Gender, Media, and Organization
Challenging Mis(s)Representations of Women Leaders and Managers
Carole Elliott, University of Roehampton
Valerie Stead, Lancaster University, UK
Sharon Mavin, University of Roehampton
Jannine Williams, University of Bradford, UK
A volume in the series: Women and Leadership. Editor(s): Susan R. Madsen, Utah Valley University. Karen A. Longman, Azusa Pacific University. Faith Wambura Ngunjiri, Concordia College, MN.
Gender, Media, and Organization: Challenging Mis(s)Representations of Women Leaders and Managers is the fourth volume in the Women and Leadership: Research, Theory, and Practice series. This cross‐disciplinary series from the International Leadership Association draws from current research findings, development practices, pedagogy, and lived experience to deliver provocative thinking that enhances leadership knowledge and improves leadership development of women around the world. This volume addresses the lack of critical attention in leadership research to how women leaders and professionals are represented in the media. The volume acts as a companion piece to a Seminar Series, funded by the UK’s Economic and Social Sciences Research Council (ESRC), to address this gap in the research. The lack of research interrogation of gendered media representations of women leaders and professionals is a surprising omission given the wealth of evidence from stakeholders outside academia revealing that women, and women leaders, continue to be underrepresented across all forms of media outlet. This volume contributes to social change, equality, and economic performance by raising consciousness about women’s lack of representation in the media and challenges gendered mis(s)representations of women professionals and leaders in the media through the presentation of a range of empirical investigations and methodological approaches. The volume contributors use various theories and conceptualizations to problematize and analyze women’s limited representation in the media, and the gendered representations of women professionals and leaders.
Together, the volume’s 14 chapters reflect the beginning of a rich, diverse, emergent strand of academic research that interrogates relationships between the media in its multiple forms and women’s leadership. Illuminating the positioning of women leaders and professionals as both complex and problematic, these chapters offer an important agenda for management and organization scholars. They attest to the need to describe and make visible women’s mis(s)representations in the media while drawing attention to the importance of situating these mis(s) representations in the broader social, economic, historical, cultural, and political context as a means to gain insight into their development and evolution. As a rich and diverse site of research, examination of the media calls for a broad methodological repertoire. The chapters in this book draw from multiple sources and include, among others, the development of thematic analysis to illuminate stereotypes, the use of critical discourse analysis to understand professional women’s experience, a rhetorical analysis of the covers of Time magazine, and an interrogation of the power dynamics manifested in the media’s practice of nicknaming women leaders.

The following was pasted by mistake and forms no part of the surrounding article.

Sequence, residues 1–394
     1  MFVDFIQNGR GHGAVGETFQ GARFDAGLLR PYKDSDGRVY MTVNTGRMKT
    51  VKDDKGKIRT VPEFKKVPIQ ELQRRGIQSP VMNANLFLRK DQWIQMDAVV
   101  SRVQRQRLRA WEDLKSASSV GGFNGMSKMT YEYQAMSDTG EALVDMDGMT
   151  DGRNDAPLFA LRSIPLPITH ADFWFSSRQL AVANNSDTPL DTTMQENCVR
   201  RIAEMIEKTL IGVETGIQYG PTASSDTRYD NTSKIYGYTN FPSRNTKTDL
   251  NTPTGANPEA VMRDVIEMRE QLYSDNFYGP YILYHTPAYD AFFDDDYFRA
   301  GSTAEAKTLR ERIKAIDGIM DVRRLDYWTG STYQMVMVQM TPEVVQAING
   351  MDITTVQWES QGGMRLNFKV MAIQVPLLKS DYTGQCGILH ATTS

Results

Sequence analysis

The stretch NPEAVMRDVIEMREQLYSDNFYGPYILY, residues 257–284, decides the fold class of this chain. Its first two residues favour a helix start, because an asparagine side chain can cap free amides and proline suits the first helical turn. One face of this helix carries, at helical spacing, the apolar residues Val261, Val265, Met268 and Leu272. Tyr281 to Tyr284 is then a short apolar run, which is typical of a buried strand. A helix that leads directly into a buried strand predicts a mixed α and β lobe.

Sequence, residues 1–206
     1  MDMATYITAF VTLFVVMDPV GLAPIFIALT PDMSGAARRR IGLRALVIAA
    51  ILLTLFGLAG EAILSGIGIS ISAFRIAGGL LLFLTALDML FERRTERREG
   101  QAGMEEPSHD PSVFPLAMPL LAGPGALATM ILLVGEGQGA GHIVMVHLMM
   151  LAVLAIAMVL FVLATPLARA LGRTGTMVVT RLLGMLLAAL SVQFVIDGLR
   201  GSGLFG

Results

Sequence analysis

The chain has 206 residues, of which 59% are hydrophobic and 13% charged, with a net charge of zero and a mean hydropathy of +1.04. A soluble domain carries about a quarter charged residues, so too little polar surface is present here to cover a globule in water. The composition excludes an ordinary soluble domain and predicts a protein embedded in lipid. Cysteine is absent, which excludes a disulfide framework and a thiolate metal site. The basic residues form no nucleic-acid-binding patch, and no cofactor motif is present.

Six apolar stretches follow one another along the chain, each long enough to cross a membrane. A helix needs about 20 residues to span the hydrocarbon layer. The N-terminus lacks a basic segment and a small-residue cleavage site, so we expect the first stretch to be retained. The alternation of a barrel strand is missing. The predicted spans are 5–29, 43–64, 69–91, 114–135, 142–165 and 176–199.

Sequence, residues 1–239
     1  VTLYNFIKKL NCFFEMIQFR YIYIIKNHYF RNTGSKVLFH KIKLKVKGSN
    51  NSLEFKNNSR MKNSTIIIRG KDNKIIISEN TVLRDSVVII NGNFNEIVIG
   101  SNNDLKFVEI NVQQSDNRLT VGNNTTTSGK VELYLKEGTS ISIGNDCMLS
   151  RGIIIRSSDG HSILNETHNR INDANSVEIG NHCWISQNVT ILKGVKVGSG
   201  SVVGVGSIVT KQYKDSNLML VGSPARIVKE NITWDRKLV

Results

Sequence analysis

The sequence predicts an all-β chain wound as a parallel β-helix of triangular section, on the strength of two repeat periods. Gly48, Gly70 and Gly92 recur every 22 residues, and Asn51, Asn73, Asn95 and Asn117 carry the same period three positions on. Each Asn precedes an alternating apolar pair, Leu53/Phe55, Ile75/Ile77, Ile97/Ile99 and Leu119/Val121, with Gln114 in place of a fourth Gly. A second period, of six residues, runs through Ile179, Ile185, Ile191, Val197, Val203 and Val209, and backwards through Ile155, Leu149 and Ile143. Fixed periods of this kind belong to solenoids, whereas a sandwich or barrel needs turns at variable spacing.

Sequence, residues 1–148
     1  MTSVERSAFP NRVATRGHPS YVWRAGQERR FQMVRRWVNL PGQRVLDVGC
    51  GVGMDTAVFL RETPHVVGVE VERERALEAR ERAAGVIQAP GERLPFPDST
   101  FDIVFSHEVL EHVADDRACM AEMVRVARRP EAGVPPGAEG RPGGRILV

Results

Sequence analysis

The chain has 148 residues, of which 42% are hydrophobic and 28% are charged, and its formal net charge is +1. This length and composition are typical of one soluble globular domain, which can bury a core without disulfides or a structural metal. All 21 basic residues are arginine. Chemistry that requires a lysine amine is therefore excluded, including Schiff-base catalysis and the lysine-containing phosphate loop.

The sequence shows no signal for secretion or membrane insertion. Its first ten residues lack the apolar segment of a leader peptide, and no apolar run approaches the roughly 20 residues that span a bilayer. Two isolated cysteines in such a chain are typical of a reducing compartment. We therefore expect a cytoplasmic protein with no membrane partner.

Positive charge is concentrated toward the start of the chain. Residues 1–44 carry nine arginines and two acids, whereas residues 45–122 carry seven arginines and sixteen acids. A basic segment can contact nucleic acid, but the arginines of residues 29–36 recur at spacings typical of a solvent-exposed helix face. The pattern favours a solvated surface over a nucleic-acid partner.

Gender, Media, and Organization is a first step in stimulating further research that poses critical questions concerning gendered and sexualized representations of women leaders in textual and visual forms, and considers the media’s influence on gender equality and social justice. The chapters offer fruitful avenues for future research to continue the momentum of challenging gendered media representations of women leaders and professionals.
Introduction, Carole Elliott, Valerie Stead, Sharon Mavin, and Jannine Williams. PART I: WOMEN EXECUTIVES. Is She Really Into It? The Media as Misleading in its Portrayals of Female Executives’ Work–Family (Im)Balance, Maura J. Mills, Leanne M. Tortez, and Maria E. Gallego‐Pace. Who’s That Girl? The (Mis)Representation of Female Corporate Leaders in Time, Sandra L. French and Lisa Baker Webster. A Fairytale Career: Media Representations of Australia’s First Female Banking CEO, Helena Liu. Pulling a Chair Up to the Table: A Critical Analysis of the “Lean In” Self‐Help Movement and Its Implications for Individual Women and Women’s Equality at Work, Judith A. Clair and Caela McCann. “There’s Never Been a Better Time to Be a Woman”: The Discursive Effects of Women on Boards’ Research Reports, Scarlett E. Brown and Elisabeth K. Kelan. PART II: WOMEN PROFESSIONALS AND LEADERS. Dress and the Female Professional: A Case Study of Working Woman, Ann Rippin, Harriet Shortt, and Samantha Warren. In the Name of the Other: Nicknaming and Gendered Misrepresentation/s of Women Leaders, Alison Pullen and Lucy Taksa. Caveman Meritocracy: Misrepresenting Women Managers Online, Janne Tienari and Pasi Ahonen. Wynne Some, Lose Some: An Intersectional Approach to Media Prejudice Against Canadian Women Politicians, Rita A. Gardiner. PART III: WOMEN IN FILM AND TELEVISION. The “Gogglebox” and Gender: An Interdiscursive Analysis of Television Representations and Professional Femininities, Helen Rodgers, Liz Yeomans, and Sallyann Halliday. Mediating the Future: Women Political Leaders in Science Fiction Television, Kimberly Yost. The Runway‐Ready Ringleader and Other Media Myths: An Analysis of Common Television and Film Stereotypes of Women Leaders, Shana Matamala and Stephanie Abrahim. Working in ShondaLand: Representations of African American Women in Leadership, Carrie Wilson‐Brown and Samantha Szczur. The Margin as a Space of Resistance: Transforming Gendered Leadership Through Popular Film, Alexia Panayiotou. About the Editors. About the Contributors.
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